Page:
Health and wellness programs are becoming more common in the workplace, as employers look to boost productivity and keep their workforce healthy and happy.
But with so many types of programs with varying success rates, how can employers be sure they’re investing in a program that works?
Researchers with the University of Georgia’s Workplace Health Group have some tips – encourage lifestyle changes and invest in health coaching.
The team, based in UGA’s College of Public Health, recently completed the second of two studies evaluating a worksite program called FUEL Your Life, which emphasizes making sustainable changes to eating and exercise habits to support overall health.
FUEL Your Life was adapted from a clinically proven lifestyle change program aimed at preventing diabetes. Beginning in 2011, the team worked to implement and evaluate FUEL Your Life for three city-county governments in Georgia.
The program was purposely implemented in city-county governments because they represent a diversity of occupations, so findings could be generalized to other workplaces.
The FUEL Your Life plan included a self-study guide, which covered information on healthy eating and exercise, but specifically emphasized the use of health coaches.
“Health coaching is used to help people manage their health conditions, set goals and stay accountable, said Heather Padilla, assistant professor and researcher in the Workplace Health Group who worked on the FUEL Your Life studies.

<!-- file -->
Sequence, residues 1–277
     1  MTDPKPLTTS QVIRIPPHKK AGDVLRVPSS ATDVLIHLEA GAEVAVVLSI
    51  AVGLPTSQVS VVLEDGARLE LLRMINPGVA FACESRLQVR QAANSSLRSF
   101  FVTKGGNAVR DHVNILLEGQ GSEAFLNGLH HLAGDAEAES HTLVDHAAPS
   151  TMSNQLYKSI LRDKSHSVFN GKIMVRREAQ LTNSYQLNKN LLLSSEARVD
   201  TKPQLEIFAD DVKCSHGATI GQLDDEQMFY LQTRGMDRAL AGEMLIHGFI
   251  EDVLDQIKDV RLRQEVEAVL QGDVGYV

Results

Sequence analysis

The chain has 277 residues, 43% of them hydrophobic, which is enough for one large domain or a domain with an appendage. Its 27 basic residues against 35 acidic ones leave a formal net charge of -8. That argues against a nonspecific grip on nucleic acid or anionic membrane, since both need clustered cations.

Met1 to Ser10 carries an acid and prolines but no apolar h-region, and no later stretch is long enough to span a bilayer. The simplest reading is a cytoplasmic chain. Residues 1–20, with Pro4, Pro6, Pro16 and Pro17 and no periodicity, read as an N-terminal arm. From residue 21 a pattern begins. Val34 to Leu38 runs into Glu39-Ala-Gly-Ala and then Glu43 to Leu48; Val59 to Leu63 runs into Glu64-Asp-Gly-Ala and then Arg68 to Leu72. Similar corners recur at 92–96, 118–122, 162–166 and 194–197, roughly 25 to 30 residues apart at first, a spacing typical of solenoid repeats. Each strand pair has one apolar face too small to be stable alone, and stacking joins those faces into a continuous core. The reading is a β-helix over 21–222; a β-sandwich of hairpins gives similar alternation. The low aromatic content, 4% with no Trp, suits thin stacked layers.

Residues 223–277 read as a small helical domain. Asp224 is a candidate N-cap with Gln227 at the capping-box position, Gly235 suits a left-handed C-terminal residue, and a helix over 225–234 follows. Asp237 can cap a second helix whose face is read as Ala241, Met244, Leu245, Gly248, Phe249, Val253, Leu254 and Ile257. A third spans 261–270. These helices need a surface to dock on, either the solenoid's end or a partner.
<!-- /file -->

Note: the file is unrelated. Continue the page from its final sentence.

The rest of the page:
FUEL Your Life offered two methods of health coaching: in a group setting and one-on-one over the phone. A third control group completed a self-study of the program’s study guide.
All participants lost weight, which was the main goal for the program, but those who received one-on-one coaching over the phone lost more.
In their latest evaluation, Padilla and her colleagues wanted to understand why participants who received phone coaching lost more weight than those who received group coaching.
They found that employees who received phone coaching read more of the program study guide and adopted more of the positive, healthy behaviors encouraged in the program, like recording daily food intake.
Padilla suspects that phone coaching’s one-on-one style fostered accountability.
“The act of writing it down is very effective in getting people to reflect on where to make changes,” she said. “If you have a coach who is going to call you, and they’re expecting you to record your intake, you’re more likely to do it.”
On the downside for employers, phone coaching was the most expensive.
But Padilla says they learned of cost saving measures related to phone coaching since the initial program launch.
“We made multiple calls to participants who did not answer, and these were people who were never going to participate,” she said. “For programs moving forward, coaches can make fewer calls and reach the same amount of people.”
Padilla says there are lessons to be learned for any employer who wants to help employees manage their health, no matter the setting or resources.
In short, programs that focus on lifestyle changes and provide health coaching are likely to result in weight loss.
Even if one-on-one coaching isn’t affordable, just offering resources on how to make changes to diet and physical activity can help.
“In all groups, a significant number of participants lost weight,” said Padilla, “and that’s what we’re wanting to see.